Peek Behind the Painting

Peek Behind the Painting

By David Ortiz 
Cambridge Tab 
April 26, 2002

Jeannie Motherwell spends each day working alone in her studio on Pemberton Street in North Cambridge. Every day, the artist sits down and composes acrylic paint, photo snapshots, torn pictures and snippets of conversation into intensely personal shadowbox Giclee prints. Motherwell hopes her art also expresses something meaningful to others.

Motherwell is not the only one—there is a startling concentration of artists who work every day in the solitude of their studios in the 02140 ZIP code, and each one grapples with the same duality that is inherent in making a work of art: All artists are moved to creation by very personal urges, no matter what type of art they create. But all good artists want their work to connect with other human beings.

And like the work they produce, the North Cambridge artists themselves feel a dual tug. They need to work in seclusion. But then they really want to come out of their holes to share.

Five years ago, North Cambridge Open Studios was born out of this truth. NoCa is a collaborative of approximately 20 artists who live or work in North Cambridge. The collective will hold its fifth annual All Arts Open Studios event May 4 and 5.

Emily Rubin, a writer who joined NoCa a few years ago, describes the group as "kind of like a support and advocacy group for artists."

"NoCa, and the annual Open Studios, came about out of a community need for artists to get together and talk about their work," said Rubin. "This little area of Cambridge has an incredibly diverse and eclectic range of artists in it, and they wanted to show their work to the community and support one another.

Throughout the year, the artists and artisans meet weekly over a spaghetti dinner, an informal way to get together and stay in touch, said Rubin. Once a month, members hold a more formal meeting to critique each other's work and discuss the business of staging the open studios weekend.

The event, in which the artists open their studios to the public, is the highlight of the year for NoCa. Several artists used words such as "fulfilling" and "invigorating" to describe the exchange with others about their work that the Open Studios weekend allows.

"Being a visual artist is a very solitary thing, and being involved is a good way to come out into the community and share what I do," said Motherwell.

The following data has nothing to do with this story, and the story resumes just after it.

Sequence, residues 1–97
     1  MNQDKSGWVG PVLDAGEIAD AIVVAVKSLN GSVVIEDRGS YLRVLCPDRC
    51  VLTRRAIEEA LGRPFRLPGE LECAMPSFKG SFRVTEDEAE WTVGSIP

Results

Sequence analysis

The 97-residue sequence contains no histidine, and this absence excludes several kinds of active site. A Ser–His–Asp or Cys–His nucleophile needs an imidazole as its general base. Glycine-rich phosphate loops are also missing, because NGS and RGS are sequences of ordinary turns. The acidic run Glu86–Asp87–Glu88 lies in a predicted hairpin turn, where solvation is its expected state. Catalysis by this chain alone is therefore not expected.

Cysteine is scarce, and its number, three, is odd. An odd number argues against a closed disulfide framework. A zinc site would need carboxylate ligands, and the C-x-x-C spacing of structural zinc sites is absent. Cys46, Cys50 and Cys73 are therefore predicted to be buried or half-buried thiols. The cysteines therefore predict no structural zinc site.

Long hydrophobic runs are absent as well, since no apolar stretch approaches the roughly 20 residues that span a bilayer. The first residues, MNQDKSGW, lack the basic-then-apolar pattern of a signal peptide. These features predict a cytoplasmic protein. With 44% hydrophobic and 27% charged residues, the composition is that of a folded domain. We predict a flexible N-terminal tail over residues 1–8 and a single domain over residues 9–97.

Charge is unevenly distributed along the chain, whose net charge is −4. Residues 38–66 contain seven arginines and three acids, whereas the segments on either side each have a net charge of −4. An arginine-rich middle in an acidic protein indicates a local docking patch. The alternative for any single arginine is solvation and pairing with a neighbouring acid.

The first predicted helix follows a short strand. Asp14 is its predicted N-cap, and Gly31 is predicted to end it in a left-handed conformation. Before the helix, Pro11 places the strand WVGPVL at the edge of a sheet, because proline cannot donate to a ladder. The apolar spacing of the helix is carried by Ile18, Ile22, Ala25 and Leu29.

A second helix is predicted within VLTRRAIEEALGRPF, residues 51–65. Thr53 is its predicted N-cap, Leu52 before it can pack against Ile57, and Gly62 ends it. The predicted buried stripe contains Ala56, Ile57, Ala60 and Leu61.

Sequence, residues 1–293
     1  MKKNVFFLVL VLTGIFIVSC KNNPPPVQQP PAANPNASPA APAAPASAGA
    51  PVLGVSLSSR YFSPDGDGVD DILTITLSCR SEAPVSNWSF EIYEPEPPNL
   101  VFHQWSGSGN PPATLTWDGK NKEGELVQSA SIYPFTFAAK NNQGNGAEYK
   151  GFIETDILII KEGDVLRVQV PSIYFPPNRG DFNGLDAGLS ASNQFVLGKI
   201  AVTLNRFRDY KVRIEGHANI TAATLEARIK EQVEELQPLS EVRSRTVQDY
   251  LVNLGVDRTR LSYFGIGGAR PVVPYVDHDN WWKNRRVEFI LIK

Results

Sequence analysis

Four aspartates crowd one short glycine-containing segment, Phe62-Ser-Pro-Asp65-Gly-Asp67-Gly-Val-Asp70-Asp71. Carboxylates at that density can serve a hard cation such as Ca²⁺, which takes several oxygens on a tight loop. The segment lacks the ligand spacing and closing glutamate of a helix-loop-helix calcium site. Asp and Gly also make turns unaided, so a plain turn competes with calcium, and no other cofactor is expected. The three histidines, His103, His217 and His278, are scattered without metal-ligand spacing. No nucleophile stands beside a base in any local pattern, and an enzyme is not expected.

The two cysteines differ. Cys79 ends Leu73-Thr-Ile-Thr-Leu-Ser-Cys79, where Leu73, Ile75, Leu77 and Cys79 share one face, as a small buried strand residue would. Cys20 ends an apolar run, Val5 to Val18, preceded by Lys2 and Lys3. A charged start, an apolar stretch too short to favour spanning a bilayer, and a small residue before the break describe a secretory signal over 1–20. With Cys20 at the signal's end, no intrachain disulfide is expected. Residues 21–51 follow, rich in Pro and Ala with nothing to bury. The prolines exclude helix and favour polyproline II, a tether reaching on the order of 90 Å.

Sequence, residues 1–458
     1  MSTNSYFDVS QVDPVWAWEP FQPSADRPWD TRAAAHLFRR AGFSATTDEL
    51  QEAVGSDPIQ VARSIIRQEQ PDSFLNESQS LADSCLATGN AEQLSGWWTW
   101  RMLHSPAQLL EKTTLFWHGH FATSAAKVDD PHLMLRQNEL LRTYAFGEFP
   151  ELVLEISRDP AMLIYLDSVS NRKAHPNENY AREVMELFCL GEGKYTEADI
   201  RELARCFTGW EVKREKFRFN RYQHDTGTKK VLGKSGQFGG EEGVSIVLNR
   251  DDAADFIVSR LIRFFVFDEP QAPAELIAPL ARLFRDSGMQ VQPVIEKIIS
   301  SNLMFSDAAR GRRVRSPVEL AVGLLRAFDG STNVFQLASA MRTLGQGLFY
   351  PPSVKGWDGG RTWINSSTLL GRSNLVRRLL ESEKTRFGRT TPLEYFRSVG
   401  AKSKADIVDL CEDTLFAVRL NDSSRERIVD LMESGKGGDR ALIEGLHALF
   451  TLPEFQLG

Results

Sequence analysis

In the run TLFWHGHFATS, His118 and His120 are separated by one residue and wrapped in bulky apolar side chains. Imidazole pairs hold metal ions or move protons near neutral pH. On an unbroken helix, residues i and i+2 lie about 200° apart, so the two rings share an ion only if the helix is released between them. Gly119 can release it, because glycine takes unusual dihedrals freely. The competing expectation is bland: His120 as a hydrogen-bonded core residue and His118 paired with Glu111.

Not all NoCa members are visual artists—included in their ranks are writers, furniture makers, musicians, fabric makers and jewelers—but they all consider themselves artists.

Dan Kamman, a Harvey Street resident and former Polaroid engineer, fashions jewelry out of small industrial parts. Kamman's earrings and bracelets, made of mechanically connected electronic connector pins, rubber O-rings, gears and brilliantly colored laser filters, fit together by some form of alchemy to create jewelry that is balanced, delicate and even beautiful—they are works of art.

It's just wonderful to be able to talk to people and have them explore how I do my work, and have people tell me what they like and don't like," said Kamman. "Sometimes they see things in my work that I don't see."

Some, but not all, of the work on display during the Open Studios weekend is for sale. Writers such as Rubin don't expect to sell individual pieces they have written. Much of the more physical artwork on view is still in the process of creation, which is very much the point of the event, said Rubin.

"The founding members really wanted to show not only end-products, but also the process of their art, how they create their art from the moment of inspiration to the finished product," said Rubin. "I don't sell my work, I have a reading, but it's a really exciting experience—people are coming to you, they're interested in your work. There's always a really nice exchange between the artist and the visitor."